Iftikhar’s heroic 94 not out goes in vain as New Zealand seals the series 4-1
Iftikhar made a heroic 94 not out to keep Pakistan in the game, but it wasn’t enough as the hosts won the series 4-1.
Pakistan 252 all out (Iftikhar 94*, Salman 57, Shipley 3-34, Ravindra 3-65) was defeated by New Zealand 299 all out (Young 87, Latham 59, Afridi 3-46) by 47 runs.
In the end, Pakistan had gone one step too far. In the final ODI of the five-match series and the last game of their most extended home season in a generation, Pakistan suffered a 47-run defeat due to one lacklustre outing with the bat and a stretch of smothering excellence by Henry Shipley. With a 4-1 victory, Pakistan won the series.
New Zealand had 299 to defend thanks to half-centuries by Will Young and Tom Latham, but Pakistan’s disastrous first ten overs saw them lose wickets and struggle to score runs, setting them on an unstoppable trajectory. There was some hope through the middle, thanks to a 97-run partnership between Iftikhar Ahmed and Agha Salman, but there wasn’t much more after they were bowled out for 252. As a result, Pakistan lost their first-ever number-one ranking that they attained 48 hours ago, and New Zealand avoided a series of whitewash.
In a poor start to the chase, Pakistan created their issues. While Fakhar Zaman and Shan Masood struggled to find their groove, Adam Milne and Matt Henry were thrifty. In the first five overs, 12 runs were scored, and while Fakhar could hit a couple of fours to break the chain, Masood could not. When attempting to cut across the line after grinding to a 20-ball 7, he was unsuccessful in the eighth over after chopping onto a far too-tight ball.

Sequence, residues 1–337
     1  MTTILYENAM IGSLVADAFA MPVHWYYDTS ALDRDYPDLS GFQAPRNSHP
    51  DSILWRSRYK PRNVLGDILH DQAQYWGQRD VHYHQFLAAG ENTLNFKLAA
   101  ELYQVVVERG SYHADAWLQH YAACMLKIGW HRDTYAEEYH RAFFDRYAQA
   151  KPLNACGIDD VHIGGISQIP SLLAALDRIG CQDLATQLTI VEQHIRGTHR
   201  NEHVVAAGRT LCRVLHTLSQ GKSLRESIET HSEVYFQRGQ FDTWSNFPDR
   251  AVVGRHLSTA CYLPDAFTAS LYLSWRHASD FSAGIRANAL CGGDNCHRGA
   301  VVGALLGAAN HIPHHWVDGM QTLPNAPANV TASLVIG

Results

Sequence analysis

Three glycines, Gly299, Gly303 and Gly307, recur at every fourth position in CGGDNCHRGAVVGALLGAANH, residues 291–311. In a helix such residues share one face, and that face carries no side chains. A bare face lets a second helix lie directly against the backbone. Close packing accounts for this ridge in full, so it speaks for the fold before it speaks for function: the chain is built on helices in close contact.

However, tragedy struck when Latham gave Shipley the ball in the next over. Despite being praised for his scary consistency, Babar Azam only played five deliveries in his 100th ODI. Shipley’s first ball resulted in a stray shot cut right to the backward point, eliciting boisterous New Zealand cheers and silencing Karachi.
Following that, Fakhar appeared restrained, and neither he nor Mohammed Rizwan ever seemed credible. Soon after, Shipley caught the wicketkeeper-batter in front, and Fakhar’s troubles only worsened. He had never had a poorer strike rate after facing 45 balls before Rachin Ravindra eventually put him out of his misery for a tedious 64-ball 33.
Middle-order resistance: Pakistan finds hope in their batters’ fightback against New Zealand
Although the middle order is frequently considered weak for Pakistan, they will take solace in the resistance those batters displayed today. Iftikhar and Salman did minor damage to their World Cup aspirations by attacking a New Zealand bowling lineup with the top four on the ropes. They put speed ahead of wicket preservation so they wouldn’t get bogged down. There were a few missed opportunities, but when Salman brought up a 46-ball 50, the visitors knew that the game was still in play.
As could be expected, Shipley was the one to end the partnership by getting Salman to make a hasty off drive that missed Latham at mid-off. Following that, Iftikhar was up against the entire world, with little help from the opposite side. Ravindra returned to clean up, taking out Shaheen Afridi and Usama Mir in one over despite the good intentions of Shadab Khan and Usama Mir, who lacked Iftikhar’s stamina despite their strong intentions. Iftikhar shouted furiously at the opposing end, but Pakistan’s failure to maintain the strike resulted in Haris running out at the non-striker’s end. Iftikhar was devastated and was just six runs short from reaching his first ODI hundred.